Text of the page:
Monday, January 27, 2014

Rights and wrongs

I have often railed against human rights abuses when known criminals have used various clauses to remain in the UK, the most common being the right to a family life, which has even been used by a serial child abuser to remain, such are the soft touches that make up our senior judges today. I'm also aware that there are some out there who have committed no crimes yet are watched as the security forces know that they are a risk to the general public.
An Al Qaeda-trained bomb-maker was last night free to walk Britain’s streets under a cloak of state-sanctioned anonymity.
The fanatic is one of seven men released from Government anti-terror control orders this month under rules meant to protect their human rights.
He undertook terror training in Pakistan and was named as an alleged terrorist by an American supergrass whose evidence helped to foil a massive UK bomb plot. The 41-year-old was part of a London group of Islamist extremists that included one of those who plotted to blow up the Ministry of Sound nightclub and Bluewater shopping centre in 2004.
Am I happy about this guy walking amongst us? No, I would have thought such a creature would have been banned from living here, however I'm not the one who makes up the rules.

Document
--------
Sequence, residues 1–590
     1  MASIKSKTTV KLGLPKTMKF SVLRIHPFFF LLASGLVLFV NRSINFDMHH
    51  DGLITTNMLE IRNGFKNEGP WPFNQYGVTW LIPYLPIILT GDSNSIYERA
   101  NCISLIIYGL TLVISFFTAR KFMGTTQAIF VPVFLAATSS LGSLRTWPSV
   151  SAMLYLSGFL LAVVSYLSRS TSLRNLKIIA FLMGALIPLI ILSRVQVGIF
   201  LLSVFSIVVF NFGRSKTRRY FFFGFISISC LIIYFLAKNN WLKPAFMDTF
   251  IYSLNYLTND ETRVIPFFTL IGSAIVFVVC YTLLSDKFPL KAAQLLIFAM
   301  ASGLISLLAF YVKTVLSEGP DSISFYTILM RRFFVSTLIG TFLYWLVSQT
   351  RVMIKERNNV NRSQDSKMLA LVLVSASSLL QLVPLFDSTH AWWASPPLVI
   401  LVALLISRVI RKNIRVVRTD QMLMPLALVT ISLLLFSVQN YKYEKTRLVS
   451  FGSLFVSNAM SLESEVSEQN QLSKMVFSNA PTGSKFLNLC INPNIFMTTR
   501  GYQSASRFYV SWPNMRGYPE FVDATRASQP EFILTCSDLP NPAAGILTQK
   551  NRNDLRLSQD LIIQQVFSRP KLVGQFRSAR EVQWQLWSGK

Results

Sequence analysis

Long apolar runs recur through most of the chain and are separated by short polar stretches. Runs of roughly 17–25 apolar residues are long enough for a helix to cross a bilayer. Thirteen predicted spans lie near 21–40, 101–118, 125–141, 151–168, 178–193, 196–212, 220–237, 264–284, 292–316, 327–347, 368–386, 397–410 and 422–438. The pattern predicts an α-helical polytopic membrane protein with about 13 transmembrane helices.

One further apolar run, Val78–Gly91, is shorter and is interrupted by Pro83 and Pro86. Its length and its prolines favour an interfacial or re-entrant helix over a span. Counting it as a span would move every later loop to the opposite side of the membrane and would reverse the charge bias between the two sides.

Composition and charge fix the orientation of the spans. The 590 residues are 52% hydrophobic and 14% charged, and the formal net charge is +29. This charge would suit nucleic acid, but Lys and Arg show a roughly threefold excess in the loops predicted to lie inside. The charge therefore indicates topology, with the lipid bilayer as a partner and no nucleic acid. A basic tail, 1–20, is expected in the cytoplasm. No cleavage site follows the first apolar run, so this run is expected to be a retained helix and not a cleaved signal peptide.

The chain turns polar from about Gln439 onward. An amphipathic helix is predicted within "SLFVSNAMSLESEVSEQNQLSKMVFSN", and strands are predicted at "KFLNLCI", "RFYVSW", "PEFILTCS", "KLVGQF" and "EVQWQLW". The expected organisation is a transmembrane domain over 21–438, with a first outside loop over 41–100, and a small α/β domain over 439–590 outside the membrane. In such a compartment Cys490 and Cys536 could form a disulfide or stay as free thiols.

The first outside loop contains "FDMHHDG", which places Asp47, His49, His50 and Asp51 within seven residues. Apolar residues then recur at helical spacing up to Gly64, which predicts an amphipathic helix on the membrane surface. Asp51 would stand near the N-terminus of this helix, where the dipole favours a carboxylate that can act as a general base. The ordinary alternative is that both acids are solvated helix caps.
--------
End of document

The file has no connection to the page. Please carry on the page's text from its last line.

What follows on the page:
That said, he does have a right to anonymity, if only because he hasn't actually committed a crime here and much as I'm loath to admit it in his case, it's a right I believe any decent society ought to have.
If however he does go on to commit some form of atrocity here, I will be amongst the first to be wondering why he was allowed to wander around unmonitored. But so far other than allegations, he hasn't been convicted of anything.
This probably need regulations for monitoring suspects with far more teeth than the T-PIMS but that is by the bye, until convicted or arrested then these people have a right to be give enough rope to hang themselves in anonymity.
After all, if it works to protect them, it works to protect us...

1 annotations:

Longrider said...

This was what the detention without trial was all about under labour. If someone is guilty of a crime, assemble the evidence and put them on trial. If not, then, well, too bad.

One of the issues was that the evidence wasn't admissible - telephone intercepts for example. Okay, fine, change the rules to make it admissible - don't hold people without trial on the basis of an accusation, because their freedoms are our freedoms and I wouldn't want to be held by the state on the basis of an accusation without any means of defending myself.

The solution is there and it is relatively simple. Simple, that is to reasonable people with a modicum of intellect - so that rules out politicians...